Rashid Paul

‘Too little too late’: MIS for Apple fails to enthuse growers in Kashmir

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Srinagar: There appears to be no takers for the market intervention scheme (MIS) announced past week by the government for apple growers in Kashmir – “it’s too little too late”.

The scheme has been rolled out at the fag end of the season, and it does not entail procurement of the scab-infested and pre-maturely fallen fruit, a bane that has extensively affected the 2020 crop.

The Union territory administration announced the MIS on 28th of October — a time when apple harvesting had almost concluded in the Valley.

The administration plans to procure 12 lakh MT apple from Kashmir through National Agricultural Cooperative Marketing Federation of India (NAFED), a cooperative marketing of agricultural produce for farmers in India.

The estimated apple production of Valley is 1851723 MT.

Continuing with the national scheme will usher in an increased growth of horticulture sector in J&K besides the apple-growers and traders will be safeguarded from distress sales, claims the administration.

The growers and traders across Kashmir, however, deflate the official claims as “an insincere talk”.

Bashir Ahmad Bashir, president Kashmir Valley Fruit Growers and Dealers Union said “the scheme has been launched too late. It also does not cover the scab-infected and fallen fruit, a misfortune exacerbated by official apathy amid COVID-19 pandemic this year.”

Although experts are unable to quantify the loss, but they insist that because of certain natural and man -made circumstances, the production of quality apple has experienced a dip.

“Growers in the Valley suffered enormous losses on account of scab and certain nutrient deficiency factors,” admitted M Y Zargar, scientist emeritus at Sher-e-Kashmir University of Agricultural Sciences and Technology (SKUAST), Kashmir.

Growers maintain that the standard pesticides and fungicides were in short supply during March and April this year.

“The market was flooded with second-rate spraying material and the official machinery was invisible,” said Shakoor Ahmad, a fruit-grower from Shopian.

Apprehending an outbreak of scab and consequent losses, the farmers had in June communicated their concerns to the then chief administrator of the union territory and the union minister.

“We sought for MIS for disposal of the affected apple. But instead the government came out with a scheme for the exportable quality fruit and that too at prices far below the market rate,” said Bashir, the farmer lobbyist.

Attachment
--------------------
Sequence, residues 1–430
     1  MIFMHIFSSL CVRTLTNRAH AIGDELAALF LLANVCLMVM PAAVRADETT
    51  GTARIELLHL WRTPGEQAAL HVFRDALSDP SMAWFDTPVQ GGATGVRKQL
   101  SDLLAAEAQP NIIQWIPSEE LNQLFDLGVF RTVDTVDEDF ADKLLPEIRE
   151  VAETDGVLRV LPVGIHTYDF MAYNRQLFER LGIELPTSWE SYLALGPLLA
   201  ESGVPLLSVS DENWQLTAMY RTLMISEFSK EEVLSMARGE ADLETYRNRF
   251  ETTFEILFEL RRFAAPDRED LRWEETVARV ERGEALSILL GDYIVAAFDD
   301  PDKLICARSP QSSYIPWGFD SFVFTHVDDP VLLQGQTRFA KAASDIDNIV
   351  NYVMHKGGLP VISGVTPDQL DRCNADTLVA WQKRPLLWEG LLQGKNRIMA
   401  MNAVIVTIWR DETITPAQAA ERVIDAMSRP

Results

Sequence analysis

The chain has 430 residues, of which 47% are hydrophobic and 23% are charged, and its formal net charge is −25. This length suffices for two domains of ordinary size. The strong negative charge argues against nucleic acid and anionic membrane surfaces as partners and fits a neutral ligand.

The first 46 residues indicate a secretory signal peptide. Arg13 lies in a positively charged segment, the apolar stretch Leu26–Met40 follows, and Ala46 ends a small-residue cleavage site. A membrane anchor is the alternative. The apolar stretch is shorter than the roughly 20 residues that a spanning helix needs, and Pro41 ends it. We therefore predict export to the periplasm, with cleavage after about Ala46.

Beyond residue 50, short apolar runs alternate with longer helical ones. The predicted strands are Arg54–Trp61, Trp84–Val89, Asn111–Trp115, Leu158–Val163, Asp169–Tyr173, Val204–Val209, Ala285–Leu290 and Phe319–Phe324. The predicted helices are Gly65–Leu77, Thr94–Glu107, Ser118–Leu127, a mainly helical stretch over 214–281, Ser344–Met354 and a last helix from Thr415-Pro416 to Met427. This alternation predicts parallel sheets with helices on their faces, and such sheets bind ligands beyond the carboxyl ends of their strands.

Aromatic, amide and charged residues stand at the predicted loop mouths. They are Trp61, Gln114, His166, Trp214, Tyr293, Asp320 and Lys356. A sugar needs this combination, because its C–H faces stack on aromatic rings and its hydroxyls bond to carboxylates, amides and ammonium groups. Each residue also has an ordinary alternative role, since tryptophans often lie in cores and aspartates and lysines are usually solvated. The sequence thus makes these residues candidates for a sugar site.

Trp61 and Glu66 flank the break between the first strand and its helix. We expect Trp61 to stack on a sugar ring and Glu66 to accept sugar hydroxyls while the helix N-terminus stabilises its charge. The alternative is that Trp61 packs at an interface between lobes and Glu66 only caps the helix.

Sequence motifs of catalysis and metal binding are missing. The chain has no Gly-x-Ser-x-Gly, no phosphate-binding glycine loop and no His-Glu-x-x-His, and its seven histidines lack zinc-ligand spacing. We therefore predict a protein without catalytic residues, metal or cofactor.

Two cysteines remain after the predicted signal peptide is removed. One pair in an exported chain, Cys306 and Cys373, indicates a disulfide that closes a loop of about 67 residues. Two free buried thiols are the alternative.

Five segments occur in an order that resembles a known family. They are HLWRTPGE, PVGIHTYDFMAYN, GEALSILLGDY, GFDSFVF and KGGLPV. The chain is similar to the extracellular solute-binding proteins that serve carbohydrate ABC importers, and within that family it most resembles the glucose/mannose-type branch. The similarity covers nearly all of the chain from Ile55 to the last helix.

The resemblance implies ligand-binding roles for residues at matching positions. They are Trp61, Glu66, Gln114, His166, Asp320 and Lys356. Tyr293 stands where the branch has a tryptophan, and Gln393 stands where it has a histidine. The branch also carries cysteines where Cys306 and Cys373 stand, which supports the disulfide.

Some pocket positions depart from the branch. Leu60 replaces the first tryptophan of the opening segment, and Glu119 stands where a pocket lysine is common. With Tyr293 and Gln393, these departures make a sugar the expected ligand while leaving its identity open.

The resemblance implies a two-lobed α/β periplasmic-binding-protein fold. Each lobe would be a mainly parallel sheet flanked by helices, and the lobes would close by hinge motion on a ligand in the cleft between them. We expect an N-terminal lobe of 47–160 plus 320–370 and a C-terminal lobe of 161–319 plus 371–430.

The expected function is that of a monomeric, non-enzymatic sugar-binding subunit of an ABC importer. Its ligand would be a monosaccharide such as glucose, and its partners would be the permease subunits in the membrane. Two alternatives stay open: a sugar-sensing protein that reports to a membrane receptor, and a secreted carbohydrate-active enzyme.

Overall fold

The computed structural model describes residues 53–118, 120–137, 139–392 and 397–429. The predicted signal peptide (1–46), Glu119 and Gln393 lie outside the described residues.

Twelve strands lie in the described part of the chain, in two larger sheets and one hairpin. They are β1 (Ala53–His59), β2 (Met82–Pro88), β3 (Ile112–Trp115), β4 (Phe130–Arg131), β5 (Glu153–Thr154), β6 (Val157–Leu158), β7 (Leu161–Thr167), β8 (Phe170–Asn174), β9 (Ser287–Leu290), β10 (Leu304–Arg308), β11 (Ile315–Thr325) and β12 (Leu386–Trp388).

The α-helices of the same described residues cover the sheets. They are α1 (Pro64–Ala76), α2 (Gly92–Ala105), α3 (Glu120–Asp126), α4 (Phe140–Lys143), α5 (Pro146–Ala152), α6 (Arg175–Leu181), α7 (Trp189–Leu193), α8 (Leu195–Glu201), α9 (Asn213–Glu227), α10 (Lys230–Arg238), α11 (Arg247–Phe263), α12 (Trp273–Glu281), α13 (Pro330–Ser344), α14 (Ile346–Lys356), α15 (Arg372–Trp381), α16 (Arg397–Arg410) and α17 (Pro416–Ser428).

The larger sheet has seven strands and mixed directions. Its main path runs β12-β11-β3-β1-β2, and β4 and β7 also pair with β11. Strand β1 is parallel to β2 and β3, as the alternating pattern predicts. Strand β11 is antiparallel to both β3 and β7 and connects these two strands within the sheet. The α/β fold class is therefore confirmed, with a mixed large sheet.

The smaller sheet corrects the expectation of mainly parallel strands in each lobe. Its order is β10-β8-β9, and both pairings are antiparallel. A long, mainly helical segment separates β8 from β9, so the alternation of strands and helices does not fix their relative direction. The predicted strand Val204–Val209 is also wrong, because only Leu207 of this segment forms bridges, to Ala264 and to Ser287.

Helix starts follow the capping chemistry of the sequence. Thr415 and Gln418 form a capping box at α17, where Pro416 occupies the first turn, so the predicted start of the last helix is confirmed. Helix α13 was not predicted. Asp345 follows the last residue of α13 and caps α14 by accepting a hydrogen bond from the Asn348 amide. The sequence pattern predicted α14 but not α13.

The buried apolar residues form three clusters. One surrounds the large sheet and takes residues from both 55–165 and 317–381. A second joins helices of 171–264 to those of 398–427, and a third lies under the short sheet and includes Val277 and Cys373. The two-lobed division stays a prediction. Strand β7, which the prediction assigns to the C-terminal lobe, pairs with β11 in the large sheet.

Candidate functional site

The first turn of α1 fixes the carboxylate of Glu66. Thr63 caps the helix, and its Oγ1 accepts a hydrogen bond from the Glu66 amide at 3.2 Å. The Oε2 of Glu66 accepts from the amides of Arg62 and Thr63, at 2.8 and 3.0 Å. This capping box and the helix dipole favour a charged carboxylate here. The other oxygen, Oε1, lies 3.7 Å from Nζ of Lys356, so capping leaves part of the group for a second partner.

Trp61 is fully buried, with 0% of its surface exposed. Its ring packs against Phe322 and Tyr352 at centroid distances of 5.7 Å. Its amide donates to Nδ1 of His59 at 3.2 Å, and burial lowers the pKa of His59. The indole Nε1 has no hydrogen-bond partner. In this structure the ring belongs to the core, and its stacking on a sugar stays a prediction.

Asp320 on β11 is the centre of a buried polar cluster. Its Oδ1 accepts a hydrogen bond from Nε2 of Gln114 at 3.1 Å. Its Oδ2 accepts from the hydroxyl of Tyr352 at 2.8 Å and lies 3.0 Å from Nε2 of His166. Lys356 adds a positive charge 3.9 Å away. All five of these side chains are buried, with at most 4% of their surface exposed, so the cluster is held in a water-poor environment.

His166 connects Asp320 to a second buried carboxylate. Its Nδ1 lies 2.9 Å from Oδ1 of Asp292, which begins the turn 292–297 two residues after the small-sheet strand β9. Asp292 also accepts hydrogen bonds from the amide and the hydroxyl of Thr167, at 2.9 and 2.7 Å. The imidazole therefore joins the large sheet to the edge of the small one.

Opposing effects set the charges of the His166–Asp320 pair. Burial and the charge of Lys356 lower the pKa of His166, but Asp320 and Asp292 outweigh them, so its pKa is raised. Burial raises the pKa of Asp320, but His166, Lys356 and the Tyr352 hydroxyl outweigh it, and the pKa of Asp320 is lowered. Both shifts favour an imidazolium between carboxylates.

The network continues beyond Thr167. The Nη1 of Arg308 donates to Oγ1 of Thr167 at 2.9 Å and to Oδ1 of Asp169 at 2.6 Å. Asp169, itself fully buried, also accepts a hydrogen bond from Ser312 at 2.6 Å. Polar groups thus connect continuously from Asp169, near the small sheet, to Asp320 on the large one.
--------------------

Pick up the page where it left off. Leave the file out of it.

He said Rs 885 are offered by the government for a 15 kilogram box of A-grade Delicious variety. The same box is sold at Rs 1150 in the local satellite markets.

The problem with the growers seems not that of the marketing of their better quality produce, but the disposal of the scabbed and pre-fallen fruit, locally called the C-grade apple.

The MIS introduced by the then government of Mufti Mohammed Sayeed in 2002 had considerably reduced the farmer’s distress in Kashmir, recollects Mushtaq Ahmed Tantray, a fruit-grower from Sopore.

“During that period the government procured C-grade apple from us for value addition in processing units,” said Tantray.

“The succeeding schemes were only a fanfaronade. They hardly reduced the miseries of the Kashmiri apple-growers,” adds Tantray.

In 2019, a NAFED sponsored scheme was announced by the Government of India. It had claimed to purchase 6.36 MTS of apple from Kashmiri farmers. “But only one to two percent of the set target was achieved under the plan,” revealed a senior official in the Horticulture Planning and Marketing Department.

Pertinently, Kashmir is an agri-export zone. Its fruit production has reached 24.94 lakh MTs. This sector creates a generous market and jobs in the fertilizer, pesticide, agriculture machinery, processing industry and the trade all over India, say experts.

Encouraging this important sector is of great economic value for the country, said Zargar, the scientist emeritus at SKUAST.

Apart from substituting nutritional requirements of the national population, the 25 lakh MT fruit produced by Kashmir saves thousands of crores of rupees from being spent on its import, he said.

Its linkages and value chains support a network of industries and businesses across the country. Supporting this vital sector of the Kashmir economy will have a multiplier effect on the national economy, currently grappling with the worst-ever slide since Independence, say experts.

The sector needs a focused attention rather than “fanfaronades”, they say.

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